With Sochi Games Approaching, Moscow Imposes New Restrictions on Personal Freedoms in the North Caucasus

Publication: Eurasia Daily Monitor Volume: 11 Issue: 21

(Source: ibtimes.com)

On January 29, the Memorial human rights center reported that the police in Dagestan had compiled lists of Salafis and required people on such lists to notify the authorities when they intend to travel outside the republic. Suspected Salafis are required to submit such notifications three days prior to travel. The applicant must include on the form the purpose of travel, type of transportation used and whether they will have any passengers traveling with them.
 
Memorial’s representative in Dagestan, Yelena Denisenko, told the Kavkazsky Uzel website: “I have such a list from Gubden [a village in Dagestan’s Karabudakhkent district] and it contains 64 names. Who compiles these lists is unknown, but it is clear that some law enforcement agencies are behind them.” Denisenko alleged that there was at least one case when a female was prevented from leaving Dagestan because she had not asked for permission to leave the republic. So far, reports about restrictions on the movement of suspected Salafis have come from two districts in Dagestan—Karabudakhkent and Buinaksk. Police in Buinaksk warned the local Salafis that they should not leave the city from February 1 until the end of the Olympics in Sochi. Sources in the Karabudakhkent police confirmed to Kavkazsky Uzel that the police officers were spreading notification forms among suspects, but said they were doing so to relieve the suspects of additional security checks once they are outside the republic (http://www.kavkaz-uzel.ru/articles/237399/).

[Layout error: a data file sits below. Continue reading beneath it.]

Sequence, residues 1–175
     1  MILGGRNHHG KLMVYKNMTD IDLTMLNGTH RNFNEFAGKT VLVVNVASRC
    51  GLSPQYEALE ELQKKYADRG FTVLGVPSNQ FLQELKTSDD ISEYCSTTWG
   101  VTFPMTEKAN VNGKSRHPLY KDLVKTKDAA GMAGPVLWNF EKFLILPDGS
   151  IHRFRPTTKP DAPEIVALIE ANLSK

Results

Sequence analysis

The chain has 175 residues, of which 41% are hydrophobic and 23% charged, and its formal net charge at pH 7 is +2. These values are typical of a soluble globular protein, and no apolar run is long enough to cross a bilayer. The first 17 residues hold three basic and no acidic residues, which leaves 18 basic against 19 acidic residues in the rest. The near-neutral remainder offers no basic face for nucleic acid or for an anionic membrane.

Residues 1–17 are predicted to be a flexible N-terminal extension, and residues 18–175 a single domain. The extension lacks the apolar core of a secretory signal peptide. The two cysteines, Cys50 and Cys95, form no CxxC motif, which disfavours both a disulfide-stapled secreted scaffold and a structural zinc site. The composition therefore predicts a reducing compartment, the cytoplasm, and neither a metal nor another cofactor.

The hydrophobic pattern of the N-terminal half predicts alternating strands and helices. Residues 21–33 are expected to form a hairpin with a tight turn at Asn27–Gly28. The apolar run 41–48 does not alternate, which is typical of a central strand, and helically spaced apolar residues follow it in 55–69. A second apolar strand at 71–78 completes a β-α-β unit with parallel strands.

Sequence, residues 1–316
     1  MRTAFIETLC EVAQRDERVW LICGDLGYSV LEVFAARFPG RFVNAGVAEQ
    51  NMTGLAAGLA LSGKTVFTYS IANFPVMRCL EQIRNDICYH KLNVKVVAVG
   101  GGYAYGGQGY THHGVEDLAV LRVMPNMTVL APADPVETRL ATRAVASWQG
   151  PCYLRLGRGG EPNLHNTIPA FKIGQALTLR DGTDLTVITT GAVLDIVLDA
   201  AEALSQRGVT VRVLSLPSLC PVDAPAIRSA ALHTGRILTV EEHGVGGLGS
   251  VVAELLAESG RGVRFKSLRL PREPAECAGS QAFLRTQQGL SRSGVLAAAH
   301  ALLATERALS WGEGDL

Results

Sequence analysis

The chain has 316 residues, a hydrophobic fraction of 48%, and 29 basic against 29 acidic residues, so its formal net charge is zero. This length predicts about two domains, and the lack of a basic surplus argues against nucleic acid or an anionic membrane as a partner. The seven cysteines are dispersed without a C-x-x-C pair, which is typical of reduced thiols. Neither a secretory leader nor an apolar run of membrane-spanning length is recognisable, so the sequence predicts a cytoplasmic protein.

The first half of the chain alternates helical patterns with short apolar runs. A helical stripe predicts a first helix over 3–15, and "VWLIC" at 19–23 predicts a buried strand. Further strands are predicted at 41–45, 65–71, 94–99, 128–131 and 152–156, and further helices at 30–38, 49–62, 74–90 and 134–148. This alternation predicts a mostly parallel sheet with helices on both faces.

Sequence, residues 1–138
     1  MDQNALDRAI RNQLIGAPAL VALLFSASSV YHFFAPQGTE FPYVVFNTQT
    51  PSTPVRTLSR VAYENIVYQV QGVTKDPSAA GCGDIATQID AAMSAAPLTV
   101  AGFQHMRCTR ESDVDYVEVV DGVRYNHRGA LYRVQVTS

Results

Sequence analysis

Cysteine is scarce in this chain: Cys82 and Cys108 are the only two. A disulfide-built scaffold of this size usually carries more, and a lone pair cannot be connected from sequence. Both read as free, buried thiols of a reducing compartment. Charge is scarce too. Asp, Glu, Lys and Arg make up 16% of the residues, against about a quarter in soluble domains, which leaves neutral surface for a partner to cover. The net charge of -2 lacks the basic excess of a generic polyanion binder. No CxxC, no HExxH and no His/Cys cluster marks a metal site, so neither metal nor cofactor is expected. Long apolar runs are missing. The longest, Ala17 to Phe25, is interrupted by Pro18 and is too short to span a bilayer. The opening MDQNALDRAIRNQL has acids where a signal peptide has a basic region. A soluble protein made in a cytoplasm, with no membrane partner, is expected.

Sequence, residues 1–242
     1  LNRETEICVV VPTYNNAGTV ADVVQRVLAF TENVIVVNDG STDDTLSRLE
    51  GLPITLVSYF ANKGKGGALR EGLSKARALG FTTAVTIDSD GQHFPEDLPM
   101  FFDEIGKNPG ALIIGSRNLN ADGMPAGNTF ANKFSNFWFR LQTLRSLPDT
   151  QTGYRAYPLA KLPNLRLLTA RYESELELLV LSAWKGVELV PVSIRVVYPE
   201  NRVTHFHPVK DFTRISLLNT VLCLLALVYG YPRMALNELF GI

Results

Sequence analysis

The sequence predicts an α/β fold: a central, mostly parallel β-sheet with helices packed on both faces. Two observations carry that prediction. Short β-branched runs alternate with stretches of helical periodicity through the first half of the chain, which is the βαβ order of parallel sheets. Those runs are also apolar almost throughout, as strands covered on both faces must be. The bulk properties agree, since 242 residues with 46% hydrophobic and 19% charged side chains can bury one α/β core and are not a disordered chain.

The Sochi Olympics are increasingly associated in the North Caucasus with novel ways the Russian government is restricting the freedoms of the local residents. Various restrictions on movement of residents of the North Caucasus—specifically, of Dagestan, Chechnya and Ingushetia—have become one of such novelties. Earlier reports suggested that people from Ingushetia could not travel to Krasnodar region, where the city of Sochi is located, without receiving official permission from the authorities.
 
Russian policy in the North Caucasus has taken especially peculiar forms in the run-up to the Sochi Olympics, establishing a virtual border between the region and the rest of the country. Even though the Olympics are often assumed to bring numerous benefits to the host country, the Olympics Games in Sochi appear to be bringing more trouble to the North Caucasus. In fact, the restrictions that the Russian government invented may remain in place after the Olympics. According to Kavkazsky Uzel’s source in the Karabudakhkent police, the actions of the police were not connected to the Olympics and would continue afterwards (http://www.kavkaz-uzel.ru/articles/237399/).